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I know what it's like,
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Dynamite Jack: Component Object model

I’m gonna dig into some of the tech behind Dynamite Jack, so hold onto your seats.

So, a lot of devs are into Component Object game design. That article is by a friend of mine who goes into a good overview of a lot about the model. Anyway, you could probably spend all day reading the resources he links to. The short version (as I see it): Ideal Component Object game design is like a Normalized Database. It basically means, it’s kind of a chore to get it working but it’s super flexible and powerful.

I thought that was interesting. So I went to a talk at 360iDev by Gareth Jenkins. He demonstrated how to do component architecture with real concrete examples, which really helped me get my head around the idea. But the most profound bit of the talk was the end, where I remember him saying something like:

“It doesn’t matter HOW you do this, as long as you DO IT.”

That was super freeing for me. The idea that it didn’t matter how hacky I did it, but it would still give me all the benefits was very helpful. So here’s how I do the component object model in Dynamite Jack:

struct Entity {
  bool active;
  bool has_player;
  bool has_guard;
  bool has_light;
  bool has_position;

  int player_state;
  int player_cartridges;

  int guard_state;

  float light_angle;
  float light_radius;
  float light_degrees;

  float position_x;
  float position_y;

#define MAX_ENTITIES 64
Entity entities[MAX_ENTITIES];

Now, you’ll see the cool bit is that I have access to all data without creating anything, so no free / delete needed. The simple bit is activating a feature is just a matter of setting “has_light” to on or off. That’s how I actually turn on and off the player’s flashlight in the game.

In the game code, I just loop through all the items and dispatch to various functions for each component type.

void sys_loop() {
    if (e.has_player) { player_loop(e); }
    if (e.has_guard) { guard_loop(e); }
    if (e.has_light) { light_loop(e); }
    if (e.has_position) { position_loop(e); }

And I have a similar function for handling events, and painting the screen. It made it really great for prototyping the game and changing features. The “cave trolls” in the game (see at the start of the trailer) had their AI replaced quite a few times, and being able to just hack new things on and change things around without breaking my other entities was really nice!

One of the other nice things about having it explicitly in code, as opposed to “registering” things magically, is that I can see exactly in my code what order the components are being run in, so if something depends on something else, I can be sure they are in the right order.

Dynamite Jack has 20 different “components” but they all lie in the same big structure. Another cool one is having an “action” component, which doesn’t even exist in the game, it’s just a timer to trigger some future event. With everything being an Entity, it just gets it’s own loop called, and is able to do whatever.

So, yeah, my method gives me only a single Class, as many components as I like, and the flexibility to mix and match stuff. The power to toggle components on and off. And a fixed amount of memory used. So easy “save to file” style serialization of the game state.

Anyway, that’s the tech for the day. I definitely recommend component systems, it makes it SO EASY to try new things with your game, and be able to tweak them until they work “just right”.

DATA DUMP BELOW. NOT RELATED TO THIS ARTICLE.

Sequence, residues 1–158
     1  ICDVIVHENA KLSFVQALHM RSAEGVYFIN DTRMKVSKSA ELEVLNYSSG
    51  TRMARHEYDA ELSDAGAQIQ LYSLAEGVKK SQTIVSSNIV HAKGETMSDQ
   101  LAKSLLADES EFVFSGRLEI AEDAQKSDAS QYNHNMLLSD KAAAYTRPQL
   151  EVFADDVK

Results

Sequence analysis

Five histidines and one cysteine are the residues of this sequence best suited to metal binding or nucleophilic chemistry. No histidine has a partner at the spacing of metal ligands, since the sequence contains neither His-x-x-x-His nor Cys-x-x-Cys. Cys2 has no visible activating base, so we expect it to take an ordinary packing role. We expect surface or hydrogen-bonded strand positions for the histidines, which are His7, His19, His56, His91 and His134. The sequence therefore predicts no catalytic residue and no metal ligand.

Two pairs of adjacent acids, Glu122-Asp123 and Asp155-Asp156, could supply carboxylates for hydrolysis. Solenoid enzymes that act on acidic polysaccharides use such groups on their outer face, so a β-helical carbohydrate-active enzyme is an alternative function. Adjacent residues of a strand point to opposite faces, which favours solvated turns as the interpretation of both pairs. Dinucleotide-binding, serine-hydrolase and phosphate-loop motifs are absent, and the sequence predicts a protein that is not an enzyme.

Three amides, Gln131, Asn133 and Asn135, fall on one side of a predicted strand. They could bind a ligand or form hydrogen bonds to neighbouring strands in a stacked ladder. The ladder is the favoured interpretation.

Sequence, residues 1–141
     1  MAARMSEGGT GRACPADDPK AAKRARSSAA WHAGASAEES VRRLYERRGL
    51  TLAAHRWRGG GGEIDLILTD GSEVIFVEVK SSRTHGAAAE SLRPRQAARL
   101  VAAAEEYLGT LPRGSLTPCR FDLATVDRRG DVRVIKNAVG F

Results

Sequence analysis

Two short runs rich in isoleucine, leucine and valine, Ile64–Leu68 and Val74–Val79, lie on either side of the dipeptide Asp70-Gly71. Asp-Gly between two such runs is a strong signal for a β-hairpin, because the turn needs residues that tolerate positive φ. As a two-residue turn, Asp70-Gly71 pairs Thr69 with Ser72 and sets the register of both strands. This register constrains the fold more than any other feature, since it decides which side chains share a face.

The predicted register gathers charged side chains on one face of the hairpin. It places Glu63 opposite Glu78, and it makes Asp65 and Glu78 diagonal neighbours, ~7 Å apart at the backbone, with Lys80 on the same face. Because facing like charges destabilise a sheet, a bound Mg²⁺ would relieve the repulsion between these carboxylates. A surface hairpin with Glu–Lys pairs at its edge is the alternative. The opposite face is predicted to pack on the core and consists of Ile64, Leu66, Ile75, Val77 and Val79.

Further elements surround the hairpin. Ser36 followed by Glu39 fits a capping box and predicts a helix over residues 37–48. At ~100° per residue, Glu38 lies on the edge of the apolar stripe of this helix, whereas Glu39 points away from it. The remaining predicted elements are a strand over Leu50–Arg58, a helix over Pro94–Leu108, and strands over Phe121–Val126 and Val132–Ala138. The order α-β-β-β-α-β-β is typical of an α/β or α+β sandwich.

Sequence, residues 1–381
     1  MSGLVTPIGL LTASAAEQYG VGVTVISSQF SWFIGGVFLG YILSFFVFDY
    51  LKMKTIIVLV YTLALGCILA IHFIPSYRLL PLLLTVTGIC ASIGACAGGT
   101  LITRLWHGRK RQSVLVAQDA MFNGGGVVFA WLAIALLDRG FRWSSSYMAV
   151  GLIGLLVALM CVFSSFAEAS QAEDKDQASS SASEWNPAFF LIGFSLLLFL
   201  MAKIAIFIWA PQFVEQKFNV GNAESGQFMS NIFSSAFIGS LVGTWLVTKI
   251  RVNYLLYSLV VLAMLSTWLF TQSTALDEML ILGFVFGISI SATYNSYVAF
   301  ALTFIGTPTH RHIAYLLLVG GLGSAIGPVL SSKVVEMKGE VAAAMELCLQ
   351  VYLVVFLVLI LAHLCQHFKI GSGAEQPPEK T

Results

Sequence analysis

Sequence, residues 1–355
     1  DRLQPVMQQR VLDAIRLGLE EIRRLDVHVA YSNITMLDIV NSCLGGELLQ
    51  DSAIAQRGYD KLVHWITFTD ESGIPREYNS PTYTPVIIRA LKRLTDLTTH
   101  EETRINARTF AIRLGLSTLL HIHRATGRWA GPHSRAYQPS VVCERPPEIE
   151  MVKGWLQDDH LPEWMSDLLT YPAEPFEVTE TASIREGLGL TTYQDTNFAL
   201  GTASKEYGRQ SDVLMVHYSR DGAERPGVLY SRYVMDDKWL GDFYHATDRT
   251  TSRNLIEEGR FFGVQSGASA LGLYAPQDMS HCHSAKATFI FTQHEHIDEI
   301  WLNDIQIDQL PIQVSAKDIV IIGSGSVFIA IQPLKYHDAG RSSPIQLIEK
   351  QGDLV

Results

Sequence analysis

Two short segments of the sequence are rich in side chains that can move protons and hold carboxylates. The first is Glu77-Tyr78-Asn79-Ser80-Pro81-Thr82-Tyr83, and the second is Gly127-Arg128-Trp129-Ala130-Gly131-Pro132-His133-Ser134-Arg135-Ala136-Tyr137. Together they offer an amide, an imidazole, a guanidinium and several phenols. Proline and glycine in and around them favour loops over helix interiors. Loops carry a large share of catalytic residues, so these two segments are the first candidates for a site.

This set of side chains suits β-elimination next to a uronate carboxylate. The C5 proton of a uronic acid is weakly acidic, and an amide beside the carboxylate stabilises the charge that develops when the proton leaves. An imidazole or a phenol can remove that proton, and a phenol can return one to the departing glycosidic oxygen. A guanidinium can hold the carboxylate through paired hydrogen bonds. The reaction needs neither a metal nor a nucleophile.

P.S. If you’re looking for the code on how to do this, it’s all in this post. It really can be THAT SIMPLE 🙂

5 Responses to “Dynamite Jack: Component Object model”

  1. Hume Says:

    This is like an Entity System, but with a single component.

    Obviously it’s extremely fast, because there’s no framework looking up components every frame — it’s all there in the single struct, like you said.

    I thought ES was simple, but this takes the cake. This is awesome.

  2. philhassey Says:

    Yeah .. I really like it for quick and easy. I’m sure it wouldn’t so well for a huge game with 100’s of Components .. but for a game with just a few dozen, it worked fine 🙂

  3. Martoon Says:

    I like this, but how do you deal with a component that has more complex data (e.g., lists, etc.)? I feel like I’d inevitably end up with at least a couple pointers/references in Entity that need to be managed.

  4. philhassey Says:

    Yeah, obviously this won’t work for ALL setups. It did for my game. The main point of Gareth’s talk (as I understood it) is that the concepts of Component Object stuff are really important — but how you implement them is a matter of “as simple as possible for your situation” .. In my situation it was VERY SIMPLE 🙂 And it gave me a ton of advantages because I was able to use the power of C-O without the complexity of a relational database.

  5. Marcus Says:

    COP is especially helpful for 100s or 1000s of components (or object instances) to process, since you can keep data and processing logic separated, not overloading your real in-game or in-application instances with unnecessary functionality and data fragments, they do not need.

    After ditching things like COP (CORBA anyone?) for years, it is fun to see that the industry seems to find its way back to such nifty patterns.

    Another big advantage for COP is to plug in or out processors and data structures without actually having to care too much about side effects on other parts (in contrast to simple OO, where mixing data and functionality happens often enough, leading to bloated objects that only need x% of their functionality).